Tuesday, September 24, 2013

Benjamin Franklin's 1745 Advice on chosing a partner "Prefer old Women to young ones"


Robert Feke (American artist, 1707-1752) Young Benjamin Franklin (1706-1790) c. 1746

June 25, 1745

My dear Friend,

I know of no Medicine fit to diminish the violent natural Inclinations you mention; and if I did, I think I should not communicate it to you. Marriage is the proper Remedy. It is the most natural State of Man, and therefore the State in which you are most likely to find solid Happiness. Your Reasons against entering into it at present, appear to me not well-founded. The circumstantial Advantages you have in View by postponing it, are not only uncertain, but they are small in comparison with that of the Thing itself, the being married and settled. It is the Man and Woman united that make the compleat human Being. Separate, she wants his Force of Body and Strength of Reason; he, her Softness, Sensibility and acute Discernment. Together they are more likely to succeed in the World. A single Man has not nearly the Value he would have in that State of Union. He is an incomplete Animal. He resembles the odd Half of a Pair of Scissars. If you get a prudent healthy Wife, your Industry in your Profession, with her good Economy, will be a Fortune sufficient.

But if you will not take this Counsel, and persist in thinking a Commerce with the Sex inevitable, then I repeat my former Advice, that in all your Amours you should prefer old Women to young ones. You call this a Paradox, and demand my Reasons. They are these:

i. Because as they have more Knowledge of the World and their Minds are better stor'd with Observations, their Conversation is more improving and more lastingly agreable.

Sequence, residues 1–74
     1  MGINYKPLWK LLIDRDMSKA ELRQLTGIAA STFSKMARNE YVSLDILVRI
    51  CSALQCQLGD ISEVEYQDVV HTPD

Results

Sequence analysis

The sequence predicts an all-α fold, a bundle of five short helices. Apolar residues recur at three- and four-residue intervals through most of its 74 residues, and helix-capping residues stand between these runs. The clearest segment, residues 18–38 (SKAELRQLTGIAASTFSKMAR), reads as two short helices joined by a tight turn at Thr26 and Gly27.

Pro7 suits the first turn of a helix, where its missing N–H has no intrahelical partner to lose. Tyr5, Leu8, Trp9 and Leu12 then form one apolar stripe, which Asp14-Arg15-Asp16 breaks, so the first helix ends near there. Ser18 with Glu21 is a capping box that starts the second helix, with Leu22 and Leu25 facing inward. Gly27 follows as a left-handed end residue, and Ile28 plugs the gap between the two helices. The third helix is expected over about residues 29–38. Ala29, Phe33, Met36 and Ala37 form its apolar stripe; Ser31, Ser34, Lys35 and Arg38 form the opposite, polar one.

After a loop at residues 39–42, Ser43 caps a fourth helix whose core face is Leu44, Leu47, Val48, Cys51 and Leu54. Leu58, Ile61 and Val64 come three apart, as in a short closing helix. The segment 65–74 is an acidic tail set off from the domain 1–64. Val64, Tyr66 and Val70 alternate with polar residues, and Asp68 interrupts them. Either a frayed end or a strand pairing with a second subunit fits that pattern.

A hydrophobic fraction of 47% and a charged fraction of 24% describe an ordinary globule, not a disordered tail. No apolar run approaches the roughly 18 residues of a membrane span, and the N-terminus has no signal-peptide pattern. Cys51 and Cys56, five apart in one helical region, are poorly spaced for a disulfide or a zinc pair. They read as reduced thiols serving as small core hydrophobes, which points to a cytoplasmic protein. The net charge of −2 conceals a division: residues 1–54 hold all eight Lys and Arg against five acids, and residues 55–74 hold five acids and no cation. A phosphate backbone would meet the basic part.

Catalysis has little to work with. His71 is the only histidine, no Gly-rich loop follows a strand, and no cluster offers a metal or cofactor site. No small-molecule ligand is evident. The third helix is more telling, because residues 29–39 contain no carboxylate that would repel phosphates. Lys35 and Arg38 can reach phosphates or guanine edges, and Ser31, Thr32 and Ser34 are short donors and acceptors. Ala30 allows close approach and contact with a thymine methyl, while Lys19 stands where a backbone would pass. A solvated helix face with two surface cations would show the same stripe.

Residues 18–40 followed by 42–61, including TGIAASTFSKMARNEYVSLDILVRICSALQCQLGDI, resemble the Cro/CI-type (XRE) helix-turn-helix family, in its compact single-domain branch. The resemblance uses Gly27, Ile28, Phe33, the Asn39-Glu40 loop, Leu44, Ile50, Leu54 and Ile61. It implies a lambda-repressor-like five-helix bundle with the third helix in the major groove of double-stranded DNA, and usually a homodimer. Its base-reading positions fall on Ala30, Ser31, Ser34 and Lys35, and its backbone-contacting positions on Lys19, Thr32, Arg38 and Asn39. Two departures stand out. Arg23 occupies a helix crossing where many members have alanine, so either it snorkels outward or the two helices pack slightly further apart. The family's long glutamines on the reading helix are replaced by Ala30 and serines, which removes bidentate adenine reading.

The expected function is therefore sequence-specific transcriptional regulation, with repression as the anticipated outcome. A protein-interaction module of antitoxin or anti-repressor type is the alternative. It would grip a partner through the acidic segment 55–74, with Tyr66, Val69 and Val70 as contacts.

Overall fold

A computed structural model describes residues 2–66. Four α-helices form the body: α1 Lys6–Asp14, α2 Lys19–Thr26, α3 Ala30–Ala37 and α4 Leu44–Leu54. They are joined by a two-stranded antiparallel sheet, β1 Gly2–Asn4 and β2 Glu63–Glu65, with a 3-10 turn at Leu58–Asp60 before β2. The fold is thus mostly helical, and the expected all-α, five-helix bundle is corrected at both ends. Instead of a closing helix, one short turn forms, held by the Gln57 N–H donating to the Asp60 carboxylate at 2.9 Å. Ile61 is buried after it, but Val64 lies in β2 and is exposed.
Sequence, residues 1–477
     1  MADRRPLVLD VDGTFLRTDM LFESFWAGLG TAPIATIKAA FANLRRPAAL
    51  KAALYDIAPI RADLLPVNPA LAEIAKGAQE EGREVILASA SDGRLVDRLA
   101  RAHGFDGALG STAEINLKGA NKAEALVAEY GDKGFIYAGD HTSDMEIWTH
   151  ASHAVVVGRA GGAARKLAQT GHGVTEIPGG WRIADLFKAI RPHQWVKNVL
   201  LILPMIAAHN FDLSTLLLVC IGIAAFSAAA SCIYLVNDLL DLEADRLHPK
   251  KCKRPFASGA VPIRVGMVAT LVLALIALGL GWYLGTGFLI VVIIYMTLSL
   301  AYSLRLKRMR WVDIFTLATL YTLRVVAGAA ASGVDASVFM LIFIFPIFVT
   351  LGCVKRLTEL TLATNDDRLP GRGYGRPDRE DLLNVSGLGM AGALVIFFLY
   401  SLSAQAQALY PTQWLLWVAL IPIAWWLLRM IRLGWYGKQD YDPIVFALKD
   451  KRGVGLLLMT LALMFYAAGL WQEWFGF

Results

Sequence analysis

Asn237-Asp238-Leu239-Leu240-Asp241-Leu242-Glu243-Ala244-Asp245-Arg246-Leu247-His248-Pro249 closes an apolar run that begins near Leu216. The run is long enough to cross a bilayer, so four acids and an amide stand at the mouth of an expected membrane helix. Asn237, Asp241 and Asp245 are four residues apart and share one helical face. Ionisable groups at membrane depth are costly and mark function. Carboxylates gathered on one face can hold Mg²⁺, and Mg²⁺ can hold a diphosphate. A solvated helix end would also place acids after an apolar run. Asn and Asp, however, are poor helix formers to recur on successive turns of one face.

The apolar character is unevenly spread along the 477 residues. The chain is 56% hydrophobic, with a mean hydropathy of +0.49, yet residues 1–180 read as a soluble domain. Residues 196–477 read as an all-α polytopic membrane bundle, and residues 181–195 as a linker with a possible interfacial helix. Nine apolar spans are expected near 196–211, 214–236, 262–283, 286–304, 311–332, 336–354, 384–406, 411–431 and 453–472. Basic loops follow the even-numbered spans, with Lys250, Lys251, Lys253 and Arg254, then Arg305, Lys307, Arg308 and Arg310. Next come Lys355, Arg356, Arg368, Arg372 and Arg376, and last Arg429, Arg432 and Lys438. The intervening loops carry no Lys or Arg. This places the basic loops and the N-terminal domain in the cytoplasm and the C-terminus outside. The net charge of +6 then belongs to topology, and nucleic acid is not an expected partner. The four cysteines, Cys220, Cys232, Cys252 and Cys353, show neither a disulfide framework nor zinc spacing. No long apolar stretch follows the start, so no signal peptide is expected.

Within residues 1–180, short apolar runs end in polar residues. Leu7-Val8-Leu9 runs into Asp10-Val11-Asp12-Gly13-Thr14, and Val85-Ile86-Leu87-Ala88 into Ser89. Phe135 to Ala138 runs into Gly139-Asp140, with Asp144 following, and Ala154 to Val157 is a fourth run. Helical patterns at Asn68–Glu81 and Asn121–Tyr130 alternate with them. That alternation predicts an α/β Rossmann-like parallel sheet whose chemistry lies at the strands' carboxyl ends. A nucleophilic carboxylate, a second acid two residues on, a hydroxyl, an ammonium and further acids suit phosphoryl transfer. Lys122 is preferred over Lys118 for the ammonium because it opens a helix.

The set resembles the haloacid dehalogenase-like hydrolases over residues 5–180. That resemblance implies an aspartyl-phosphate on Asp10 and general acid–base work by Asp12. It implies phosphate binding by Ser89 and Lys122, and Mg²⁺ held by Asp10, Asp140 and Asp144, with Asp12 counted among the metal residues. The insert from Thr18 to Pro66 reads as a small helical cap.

2. Because when Women cease to be handsome, they study to be good. To maintain their Influence over Men, they supply the Diminution of Beauty by an Augmentation of Utility. They learn to do a 1000 Services small and great, and are the most tender and useful of all Friends when you are sick. Thus they continue amiable. And hence there is hardly such a thing to be found as an old Woman who is not a good Woman.

3. Because there is no hazard of Children, which irregularly produc'd may be attended with much Inconvenience.

4. Because thro' more Experience, they are more prudent and discreet in conducting an Intrigue to prevent Suspicion. The Commerce with them is therefore safer with regard to your Reputation. And with regard to theirs, if the Affair should happen to be known, considerate People might be rather inclin'd to excuse an old Woman who would kindly take care of a young Man, form his Manners by her good Counsels, and prevent his ruining his Health and Fortune among mercenary Prostitutes.